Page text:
Friday, September 12, 2008

From Refuse to Refuge

Did you happen to catch Wednesday night's episode of "Top Design?" If not, blogger-friend, Julia, has a thorough and fun wrap-up of the show on her blog, Hooked on Houses.

In this week's "Top Design" episode, designers were asked to decorate bomb shelters. I don't remember the exact dimensions of each shelter, but I think they were something like 12'x14'. Not big. Decorating a bomb shelter may seem a bit unrealistic, but it reminded me of container living.

Have you heard of container living? There's really a movement right now to turn shipping containers into liveable accommodations. Yes, THOSE shipping containers. Apparently, it's cheaper to keep manufacturing these things than it is to send the used ones back to Asia, so now there's a glut of them here in the U.S.

As you can imagine, shipping containers are not huge by residential standards, but it might be fun to see what you could do with one. They run 8' wide and 8'6" tall and come in your choice of 20' or 40' lengths. I read that you can purchase them on Ebay, and sure enough, you can! I found a 40' one with a starting bid of less than $2,000, and shipping to Austin from Chicago is less than $150. I know. Cheap, right?

Once you decide on your container, you'd have to figure out some sort of base -- footings or decking. That might also involve leveling ground. Containers come with a door, but I don't know if you'd want that as your main entrance, but maybe so. You'd probably want to add a couple of windows. Of course, the container won't start out with plumbing or electricity, so all of that would need to be added.

One of the great things about these containers is, because they come in standard sizes, they're as stackable as Legos. That means you could build a two-story house or stack as many as you want!

We own a little piece of land outside of Angel Fire, NM. Currently, there's no road, electricity, plumbing, water or septic tank. It would take quite a bit of money to put all that in place, and that's before we even get started on a cabin. I'm not saying we're definitely going to turn a shipping container into a mountain getaway, but before you poo-poo the idea, take a look at these...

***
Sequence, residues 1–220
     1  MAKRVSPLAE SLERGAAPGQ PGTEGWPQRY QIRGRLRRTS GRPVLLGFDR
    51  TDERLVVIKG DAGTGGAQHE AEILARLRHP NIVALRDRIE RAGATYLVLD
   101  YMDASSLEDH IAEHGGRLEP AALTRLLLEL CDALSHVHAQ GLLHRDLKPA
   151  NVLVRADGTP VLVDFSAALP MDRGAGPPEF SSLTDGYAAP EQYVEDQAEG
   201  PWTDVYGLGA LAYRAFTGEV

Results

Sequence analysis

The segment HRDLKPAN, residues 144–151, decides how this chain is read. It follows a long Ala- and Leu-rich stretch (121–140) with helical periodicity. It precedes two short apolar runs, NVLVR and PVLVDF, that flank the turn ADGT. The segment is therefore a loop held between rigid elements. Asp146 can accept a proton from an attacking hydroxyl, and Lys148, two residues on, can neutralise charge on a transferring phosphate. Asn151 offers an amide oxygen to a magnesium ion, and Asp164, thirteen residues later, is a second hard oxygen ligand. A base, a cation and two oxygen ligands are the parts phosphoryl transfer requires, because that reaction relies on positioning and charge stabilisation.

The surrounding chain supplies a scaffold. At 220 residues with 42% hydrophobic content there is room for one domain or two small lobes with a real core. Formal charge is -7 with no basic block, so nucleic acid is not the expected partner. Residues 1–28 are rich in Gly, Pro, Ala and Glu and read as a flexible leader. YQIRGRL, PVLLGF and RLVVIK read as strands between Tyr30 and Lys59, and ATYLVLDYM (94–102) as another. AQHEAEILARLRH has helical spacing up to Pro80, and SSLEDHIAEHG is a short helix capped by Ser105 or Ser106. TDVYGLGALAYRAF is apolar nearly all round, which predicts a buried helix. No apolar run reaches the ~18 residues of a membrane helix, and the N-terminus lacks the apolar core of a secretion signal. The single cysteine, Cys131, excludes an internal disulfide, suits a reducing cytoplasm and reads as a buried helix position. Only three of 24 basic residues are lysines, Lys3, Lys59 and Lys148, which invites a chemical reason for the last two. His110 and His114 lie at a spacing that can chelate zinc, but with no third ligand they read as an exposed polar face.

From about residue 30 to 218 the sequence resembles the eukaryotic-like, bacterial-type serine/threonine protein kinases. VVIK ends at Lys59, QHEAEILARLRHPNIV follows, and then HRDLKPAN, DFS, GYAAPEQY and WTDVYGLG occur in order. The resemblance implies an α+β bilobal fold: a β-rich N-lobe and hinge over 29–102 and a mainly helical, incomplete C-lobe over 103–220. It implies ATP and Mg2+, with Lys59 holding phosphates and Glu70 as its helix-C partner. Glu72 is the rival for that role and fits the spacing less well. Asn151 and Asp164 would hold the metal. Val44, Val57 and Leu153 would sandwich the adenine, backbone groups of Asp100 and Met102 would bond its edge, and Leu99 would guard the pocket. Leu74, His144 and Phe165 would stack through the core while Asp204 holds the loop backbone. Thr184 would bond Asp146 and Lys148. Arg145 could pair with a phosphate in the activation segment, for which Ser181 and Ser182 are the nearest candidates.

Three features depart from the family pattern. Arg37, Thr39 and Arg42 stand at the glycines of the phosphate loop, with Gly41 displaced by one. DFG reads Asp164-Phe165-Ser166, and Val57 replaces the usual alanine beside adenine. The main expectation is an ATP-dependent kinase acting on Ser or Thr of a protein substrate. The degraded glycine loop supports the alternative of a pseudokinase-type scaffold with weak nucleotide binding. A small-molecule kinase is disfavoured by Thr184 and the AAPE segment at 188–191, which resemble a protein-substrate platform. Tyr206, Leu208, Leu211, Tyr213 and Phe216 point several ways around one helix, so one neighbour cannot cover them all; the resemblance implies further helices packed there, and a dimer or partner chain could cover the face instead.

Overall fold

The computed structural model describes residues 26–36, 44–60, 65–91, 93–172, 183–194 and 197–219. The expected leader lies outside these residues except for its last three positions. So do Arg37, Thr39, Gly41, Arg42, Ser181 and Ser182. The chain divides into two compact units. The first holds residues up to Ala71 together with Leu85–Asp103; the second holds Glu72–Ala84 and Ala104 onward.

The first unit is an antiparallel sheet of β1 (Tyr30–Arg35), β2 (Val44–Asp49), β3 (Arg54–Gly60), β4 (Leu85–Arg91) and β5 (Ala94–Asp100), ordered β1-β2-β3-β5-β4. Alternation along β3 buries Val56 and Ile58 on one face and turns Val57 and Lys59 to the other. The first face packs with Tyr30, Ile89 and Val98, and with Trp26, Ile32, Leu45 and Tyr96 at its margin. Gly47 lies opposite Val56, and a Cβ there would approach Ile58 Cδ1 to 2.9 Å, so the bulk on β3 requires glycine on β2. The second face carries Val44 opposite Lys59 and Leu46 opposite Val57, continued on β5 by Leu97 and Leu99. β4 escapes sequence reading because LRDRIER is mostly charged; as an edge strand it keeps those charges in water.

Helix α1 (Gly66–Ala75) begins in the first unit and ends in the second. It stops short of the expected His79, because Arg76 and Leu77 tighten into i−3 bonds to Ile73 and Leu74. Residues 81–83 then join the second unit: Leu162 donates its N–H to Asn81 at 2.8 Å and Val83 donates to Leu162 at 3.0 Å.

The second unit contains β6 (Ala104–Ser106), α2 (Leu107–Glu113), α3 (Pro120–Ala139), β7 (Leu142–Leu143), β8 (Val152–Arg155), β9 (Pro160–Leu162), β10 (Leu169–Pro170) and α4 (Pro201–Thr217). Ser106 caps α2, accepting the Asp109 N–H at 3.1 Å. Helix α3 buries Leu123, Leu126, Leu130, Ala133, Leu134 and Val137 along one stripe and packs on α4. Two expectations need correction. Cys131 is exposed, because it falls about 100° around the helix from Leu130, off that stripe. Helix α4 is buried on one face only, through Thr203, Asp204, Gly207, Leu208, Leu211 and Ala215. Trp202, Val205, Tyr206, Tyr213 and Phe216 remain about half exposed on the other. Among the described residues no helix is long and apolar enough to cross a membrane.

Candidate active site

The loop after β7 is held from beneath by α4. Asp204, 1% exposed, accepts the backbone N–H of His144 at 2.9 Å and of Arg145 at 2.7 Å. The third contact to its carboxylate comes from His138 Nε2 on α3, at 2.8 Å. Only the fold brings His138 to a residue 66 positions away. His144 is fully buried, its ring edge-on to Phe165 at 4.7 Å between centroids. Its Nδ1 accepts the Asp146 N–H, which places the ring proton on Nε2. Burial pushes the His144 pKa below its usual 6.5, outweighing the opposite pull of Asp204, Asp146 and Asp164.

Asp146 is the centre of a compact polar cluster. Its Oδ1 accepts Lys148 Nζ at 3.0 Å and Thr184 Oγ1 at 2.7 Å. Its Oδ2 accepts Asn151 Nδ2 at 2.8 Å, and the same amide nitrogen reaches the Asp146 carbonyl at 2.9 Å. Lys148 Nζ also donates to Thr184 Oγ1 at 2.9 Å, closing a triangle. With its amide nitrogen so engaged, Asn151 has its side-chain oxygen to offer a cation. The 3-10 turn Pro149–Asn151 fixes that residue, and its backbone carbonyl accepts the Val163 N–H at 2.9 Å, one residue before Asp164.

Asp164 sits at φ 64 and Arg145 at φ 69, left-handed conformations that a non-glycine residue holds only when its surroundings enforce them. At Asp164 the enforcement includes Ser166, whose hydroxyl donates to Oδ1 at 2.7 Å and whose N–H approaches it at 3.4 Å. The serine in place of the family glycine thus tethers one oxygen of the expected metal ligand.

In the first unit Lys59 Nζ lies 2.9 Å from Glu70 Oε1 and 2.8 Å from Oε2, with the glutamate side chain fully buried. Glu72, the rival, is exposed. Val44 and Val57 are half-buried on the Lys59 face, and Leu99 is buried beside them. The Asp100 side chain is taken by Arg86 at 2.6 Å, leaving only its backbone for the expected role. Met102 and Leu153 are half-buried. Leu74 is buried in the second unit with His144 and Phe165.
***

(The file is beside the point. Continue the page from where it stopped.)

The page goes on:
These next few shots show the stages of what went into building this particular mountain retreat.






As you can see, the containers start out as rectangular boxes, but you're only limited by your imagination. You could add a pitched roof, a wall of windows or glass doors, and even a stucco or split-log facade. No one would ever know you started with a box.

Are you inspired or repulsed? Intrigued or bewildered? Before you decide, come back for tomorrow's post on small space living.

11 comments:

Linda at Lime in the Coconut! said...

Ha! I LOVE the idea Sandra!! Ingenious! And just look at what was created! Wowza!!

Country French Antiques said...

Pretty wild!
I wouldn't mind living in a container as long as it was full of French antiques :)
Interesting post!!!

Jerri Lynn @ Southern Sassyness said...

This is one of the most interesting posts I have ever read - what a great idea!

By the way, I don't think I have ever caught even one episode of Top Design. I know you mentioned it to me before. I need to watch it - looks fun!

Nola @ AlamoNorth said...

Interesting...I like them best when they open onto a large open area; I'm a bit claustrophobic. But as a cabin, or storage, looks like a good deal. I'll be back to see what's next...

Liz said...

Hmmm.. not so sure if I would use them for my own house. But an ingenious idea nevertheless. :)

Pat@Back Porch Musings said...

I missed the episode Sandra. Isn't it amazing how these can be transformed? Just wonderful.

As for size, one winter in Illinois, I lived with my mother father and little sister in an 8x16 ft trailer with no plumbing or refrigerator. Mother cooked on a two burner hotplate. I was 8 years old. One of these would have seemed like a palace, to us. Incidently...we moved up to an 8x27 ft trailer, from that one. We were a military family and many military families lived in small trailers, during the 50's.

sandra/tx said...

Shawn, I think I'd love it if it were furnished from goodies from your shop, too!

Pat, interesting about your history. Hard to believe people could live in such tiny quarters nowadays, but you're right. It really wasn't all that long ago when many people did.

Hooked on Houses said...

I'm fascinated by these, Sandra! Great post. They're almost like modern art that you can live in. I love how everyone uses them in different creative ways. -Julia

P.S. Thanks for the shout-out! :-)

Millie said...

I just love this post Sandra! Son #4 works at a very remote mining Exploration site in Northern Australia. The living quarters are renovated shipping containers -very nice, with bathroom,lounge, desk, air-conditioning, cable, etc. but I will be sending him these pics, as I know he'll be amazed!

The Mining industry affectionately calls these mini houses 'dongas' - very Australian!!
Millie ^_^

sandra/tx said...

Millie, that interesting about your son living in a shipping container. How does he like it?

Anonymous said...

my heart started beating faster when I just saw this post. Like you, I intriqued. I have my storage container decorated already. Good going!!!!